Reaching Young Adults: A (Targeting) Mission Impossible?
Millennials and Y generation remain to be the vital group in the media planning strategy of the biggest brands. However, with the media consumption changes it is only getting harder to effectively target them and build massive reach.
We all know the common Young Adult stereotype: they have replaced linear TV with sVOD service and user-generated-content platforms. Glued to their smartphones, they seem to be far more interested in gaming than taking up real-life sports. Single source study can provide a comprehensive analysis hence help to effectively reach young adults with all their complex media consumption patterns.
What information exactly can our study unveil about young adults? We have divided “the commercial group” 18-49 into the a younger (18-34) and an older one (35-49). In Poland, young adults watch 1 hour less of linear TV than the so-called “older” group. When you compare their time spent on Facebook or on gaming apps – the difference reveals to be not at all significant. The big game is played out between YouTube and VOD applications, so the giants of video consumption. This is the time really “taken away” from traditional TV and this is where you can add incremental reach using digital video.
As the TV times have shortened, can we just assume that this group is hard or expensive to reach via traditional TV? The group of light TV viewers (less than 1 hour daily) makes up 42 per cent of the 18-34 group. Almost half of them are extremely expensive to reach via linear TV. But is it really impossible to reach them? Absolutely not. Even if they do not own a TV set of their own or wholeheartedly declare that they do not watch TV at all, they actually do. They just do it out of home: watching a football game in a pub, eating their Sunday lunch at their parents’ place or while traveling. Every month, 35 per cent of them have at least one contact with TV out-of-home. For many of them, out-of-home contact will be their most powerful exposure to television. Totally, the out-of-home share of time among the younger group, no matter if they own or do not own their own TV at home, is as high as 18 per cent.
Among the 35-49 age group there are more who happens to watch TV out-of-home, but share of time is only 13 per cent. It happens because the average time spent on watching TV in this group is higher and share of light TV viewers is only 31 per cent, significantly less than in 18-34.
As previously mentioned, reaching Young Adults via television is tricky and expensive as 42 per cent of them can be categorized as light TV viewers. But if for a moment you imagine you have all the budgets on the market… We checked what is the summary reach of all ads broadcast in major TV stations. It is 86 per cent, and this is the maximum potential of reaching Young Adults via TV (together with OOH). If you add digital video your reach will go up to 96 per cent. But looking up close, digital itself gives you 94 per cent, meaning that it can be a perfect standalone channel to reach YA group with video ads. Mobile may be 85 per cent (54 per cent on desktop), but when you check what actually upbuilds the reach to TV, it will be PC (+10 per cent) not mobile (+1 per cent).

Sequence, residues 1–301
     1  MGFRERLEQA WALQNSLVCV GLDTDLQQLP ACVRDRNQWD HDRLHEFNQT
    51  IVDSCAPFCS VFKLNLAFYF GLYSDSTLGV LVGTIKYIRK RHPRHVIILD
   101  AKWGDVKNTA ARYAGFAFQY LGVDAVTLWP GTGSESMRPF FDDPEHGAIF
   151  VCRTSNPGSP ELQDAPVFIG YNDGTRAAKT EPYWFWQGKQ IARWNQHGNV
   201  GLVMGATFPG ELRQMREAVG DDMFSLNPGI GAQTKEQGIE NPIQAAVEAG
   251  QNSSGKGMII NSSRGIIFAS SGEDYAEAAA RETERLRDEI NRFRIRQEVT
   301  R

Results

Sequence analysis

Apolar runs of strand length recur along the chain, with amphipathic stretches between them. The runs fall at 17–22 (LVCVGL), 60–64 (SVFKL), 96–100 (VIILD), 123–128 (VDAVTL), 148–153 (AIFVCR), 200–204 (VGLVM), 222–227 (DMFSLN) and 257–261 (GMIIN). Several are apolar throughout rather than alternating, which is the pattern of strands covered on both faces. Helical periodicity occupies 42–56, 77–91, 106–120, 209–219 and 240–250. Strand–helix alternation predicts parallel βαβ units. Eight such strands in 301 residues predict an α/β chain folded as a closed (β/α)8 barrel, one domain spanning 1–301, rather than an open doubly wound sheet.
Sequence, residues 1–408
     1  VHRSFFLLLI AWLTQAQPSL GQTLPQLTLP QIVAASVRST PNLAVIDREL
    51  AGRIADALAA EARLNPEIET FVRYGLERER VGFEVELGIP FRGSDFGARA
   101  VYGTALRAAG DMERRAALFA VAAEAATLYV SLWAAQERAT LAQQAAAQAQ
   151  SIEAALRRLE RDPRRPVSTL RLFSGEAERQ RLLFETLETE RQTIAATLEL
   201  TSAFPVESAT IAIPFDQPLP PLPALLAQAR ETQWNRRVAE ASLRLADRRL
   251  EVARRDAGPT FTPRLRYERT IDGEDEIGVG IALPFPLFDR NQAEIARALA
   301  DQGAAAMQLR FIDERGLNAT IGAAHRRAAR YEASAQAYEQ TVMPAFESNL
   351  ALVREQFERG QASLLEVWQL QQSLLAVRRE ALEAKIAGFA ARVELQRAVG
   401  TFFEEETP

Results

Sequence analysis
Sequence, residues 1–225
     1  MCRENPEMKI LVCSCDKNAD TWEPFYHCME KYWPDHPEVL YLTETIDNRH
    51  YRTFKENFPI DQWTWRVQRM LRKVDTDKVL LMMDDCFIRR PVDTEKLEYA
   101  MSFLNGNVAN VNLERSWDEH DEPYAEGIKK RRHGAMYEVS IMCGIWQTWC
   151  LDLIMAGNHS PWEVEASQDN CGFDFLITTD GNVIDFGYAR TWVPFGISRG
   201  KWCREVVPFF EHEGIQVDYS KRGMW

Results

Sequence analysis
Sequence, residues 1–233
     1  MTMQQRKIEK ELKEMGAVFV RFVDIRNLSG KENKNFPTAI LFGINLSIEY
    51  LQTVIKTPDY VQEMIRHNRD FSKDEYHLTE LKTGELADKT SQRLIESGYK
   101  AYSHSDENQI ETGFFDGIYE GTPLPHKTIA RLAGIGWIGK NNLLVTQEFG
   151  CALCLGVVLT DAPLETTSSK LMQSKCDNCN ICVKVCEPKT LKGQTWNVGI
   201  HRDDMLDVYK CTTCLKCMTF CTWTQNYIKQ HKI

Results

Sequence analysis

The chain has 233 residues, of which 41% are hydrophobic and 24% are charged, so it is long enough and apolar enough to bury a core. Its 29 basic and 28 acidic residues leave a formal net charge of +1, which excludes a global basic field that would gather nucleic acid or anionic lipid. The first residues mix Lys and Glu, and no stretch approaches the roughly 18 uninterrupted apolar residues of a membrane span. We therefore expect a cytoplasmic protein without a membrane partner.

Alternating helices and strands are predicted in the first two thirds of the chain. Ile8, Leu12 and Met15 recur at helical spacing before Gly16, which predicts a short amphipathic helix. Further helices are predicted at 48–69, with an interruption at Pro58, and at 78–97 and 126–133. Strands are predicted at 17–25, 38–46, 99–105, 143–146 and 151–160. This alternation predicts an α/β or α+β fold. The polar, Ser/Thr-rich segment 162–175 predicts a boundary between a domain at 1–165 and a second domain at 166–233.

For any ads, including banners, the number of monthly maximum reach will be 98 per cent, thanks to higher reach and incremental on PC (+12 per cent).
What we mean by mobile here is walled garden ecosystems major apps, so Facebook, YouTube and Instagram. Facebook’s reach potential as a standalone platform is unquestionable. We have presented longer time of time spent on Facebook on the top of all mobile apps! Let’s imagine there was no Facebook. What is the unique Facebook reach we would actually lose? It might be a surprise that it is only 2 per cent less in digital video and 0,5 per cent less in video and banners together.
Next question is: what would happen without TV? After all, digital can be a standalone platform while reaching Young Adults with 94 per cent of reach (compared to 86 per cent for TV). But, bear in mind, this is the scenario assuming you have all the money on the market… With all due respect: not gonna happen. For an in-depth investigation we chose to compare the results at the campaign-level; two particular campaigns of two direct competitors. Netflix, which cannot advertise on TV vs Warner Bros seemed like a perfect pair for this expertise.
When checking the 18-34 age group we discovered that during the first week Netflix succeeded to reach 34 per cent of the target group while WB reached 66 per cent using TV and digital mix.
While analyzing monthly data, you can discover that Netflix ultimate reach was 77 per cent, while Warner Bros stopped at 69 per cent. The trick here is, the WB TV campaign lasted only one week and was just boosted with appropriate digital mix. The learning is simple: digital can build you reach on a satisfactory level, however it simply takes more time comparing to TV.
Let’s imagine Netflix added one week of TV-broadcast campaign to their digital-exclusive strategy. As a result, they would get additional reach +9 per cent.
Thanks to single source data we can analyse total reach as accurately as never before: on the level of a particular campaign. But, even with it being crucial when investigating engagement and efficiency, reach is not really the one true king. It is a starting point to analyse viewable reach and effective frequency. But above all, the ultimate solution is to incessantly move forward and analyse what happens after the user has been exposed to the campaign, to analyse the whole sequence of touchpoints and connect it to the desired effect: sales.
Media consumption, ad exposure and finally, the purchase comprise the golden trio for any research company. Either based on the panel or when merging with the client’s own data.